By trying, come what may, to find decisive measures for the achievement of great revolutionary successes, we have possibly gone down a path that carries us through crises that break out without any way to prevent them through use of the resources at our disposal, and that removes us too far from results that are secure and firm. It is also possible that decisive turning points will take us by surprise, posing difficult questions for us. I do not deny that this experience may to some extent be necessary. I will only take the liberty of making a contribution that results not from abstract considerations but from the experience of a party that maintains its place in our common front line of struggle.

Our International is too often seen as something external to the parties that belong to it. Sometimes the parties, or factions within them, permit themselves to carry on a polemical discussion with the International that is often public and insulting. The International sees itself compelled to create factions inside the parties that obey its directives, which strikes me as absurd and dangerous.

We see ourselves compelled to deal with too many organisational and disciplinary questions, at a time when we note that the enemy has launched reaction against us in a way that makes the negotiations and the entire procedure required in such cases almost impossible.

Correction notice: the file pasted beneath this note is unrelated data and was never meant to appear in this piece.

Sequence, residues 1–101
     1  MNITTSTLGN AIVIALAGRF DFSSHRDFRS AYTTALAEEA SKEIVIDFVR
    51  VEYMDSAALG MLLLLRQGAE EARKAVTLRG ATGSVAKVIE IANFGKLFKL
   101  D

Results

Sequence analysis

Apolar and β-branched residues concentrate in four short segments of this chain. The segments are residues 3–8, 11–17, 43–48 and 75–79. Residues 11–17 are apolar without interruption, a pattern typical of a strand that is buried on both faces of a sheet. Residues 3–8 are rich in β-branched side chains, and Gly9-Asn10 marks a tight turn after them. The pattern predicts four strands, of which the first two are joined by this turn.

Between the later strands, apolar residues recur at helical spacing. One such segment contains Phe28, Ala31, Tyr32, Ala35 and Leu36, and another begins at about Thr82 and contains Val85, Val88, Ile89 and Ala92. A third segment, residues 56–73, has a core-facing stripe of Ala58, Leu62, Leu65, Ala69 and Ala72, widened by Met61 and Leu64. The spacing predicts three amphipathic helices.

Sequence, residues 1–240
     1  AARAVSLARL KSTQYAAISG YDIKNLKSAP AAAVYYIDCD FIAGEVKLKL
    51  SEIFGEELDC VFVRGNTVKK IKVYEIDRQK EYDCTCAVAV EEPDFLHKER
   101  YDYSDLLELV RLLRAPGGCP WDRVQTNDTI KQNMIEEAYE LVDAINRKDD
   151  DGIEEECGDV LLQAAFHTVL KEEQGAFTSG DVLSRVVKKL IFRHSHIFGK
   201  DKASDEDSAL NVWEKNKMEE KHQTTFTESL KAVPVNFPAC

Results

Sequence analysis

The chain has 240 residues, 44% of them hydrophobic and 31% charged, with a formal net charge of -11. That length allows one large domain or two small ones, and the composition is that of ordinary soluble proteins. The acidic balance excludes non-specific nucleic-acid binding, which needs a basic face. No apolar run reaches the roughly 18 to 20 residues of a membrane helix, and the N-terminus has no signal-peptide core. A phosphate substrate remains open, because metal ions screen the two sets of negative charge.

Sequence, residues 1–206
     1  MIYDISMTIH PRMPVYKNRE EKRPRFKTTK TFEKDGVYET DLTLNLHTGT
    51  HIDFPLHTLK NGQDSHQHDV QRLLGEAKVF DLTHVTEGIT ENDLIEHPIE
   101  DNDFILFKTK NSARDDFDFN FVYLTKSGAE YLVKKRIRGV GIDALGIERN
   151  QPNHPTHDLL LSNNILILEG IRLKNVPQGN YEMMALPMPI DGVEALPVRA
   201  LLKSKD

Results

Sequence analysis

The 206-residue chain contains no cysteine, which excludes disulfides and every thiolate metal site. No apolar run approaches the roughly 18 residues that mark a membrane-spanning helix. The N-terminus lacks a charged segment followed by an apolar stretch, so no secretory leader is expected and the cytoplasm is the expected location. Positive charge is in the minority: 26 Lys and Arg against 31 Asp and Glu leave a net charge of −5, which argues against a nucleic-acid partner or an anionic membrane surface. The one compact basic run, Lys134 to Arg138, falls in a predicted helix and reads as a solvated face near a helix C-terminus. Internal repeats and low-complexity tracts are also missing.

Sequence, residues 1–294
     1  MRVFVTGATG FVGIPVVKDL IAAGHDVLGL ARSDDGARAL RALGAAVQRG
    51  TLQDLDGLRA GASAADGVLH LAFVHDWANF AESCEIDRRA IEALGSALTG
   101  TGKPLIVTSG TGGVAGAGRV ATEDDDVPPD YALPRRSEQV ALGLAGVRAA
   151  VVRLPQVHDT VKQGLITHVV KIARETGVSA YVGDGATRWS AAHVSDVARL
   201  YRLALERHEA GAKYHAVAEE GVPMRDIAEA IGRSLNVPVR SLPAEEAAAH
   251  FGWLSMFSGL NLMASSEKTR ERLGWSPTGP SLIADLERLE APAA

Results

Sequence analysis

Let me close with the slogan issued by Zinoviev himself: Let us be a truly Communist international party, strictly centralised and imbued with the spirit of revolutionary struggle.

I also note that in a party of this type there will be no alterations in the structure or organisation for this or that region, and that in our national congresses we will never see delegates from a region that do not agree to the common rules of the organisation.

In the centralised international Communist Party we will truly have an indispensable unity of thought and action, such that every case of refusal to accept discipline will be duly punished.



1. The Third Congress Theses on Tactics had stated, ‘The most important task of the Communist International at present is to gain decisive influence over the majority of the working class and to lead its decisive sectors into struggle.’ (To the Masses: Proceedings of the Third Congress of the Communist International, 1921 (Historical Materialism Book Series 2015), p. 927) This position was reaffirmed by the Fourth Congress resolution on tactics.

2. By ‘Left current’ Bordiga means forces in the Comintern such as the Italian majority leadership that raised ‘left’ criticisms of policies of the ECCI, as for example with regard to united front policy.

3. The quotation does not appear in the published record of the Expanded ECCI.

4. Bordiga’s hostility to the slogan of workers’ control was influenced by the outcome of the massive strike wave of September 1920 in Italy. It was brought to an end by a manoeuvre by Giolitti, the prime minister, who proposed an agreement supposedly to institutionalise workers’ control of the factories. The agreement, approved by unions and employers, served to demobilise the strike movement but was not implemented.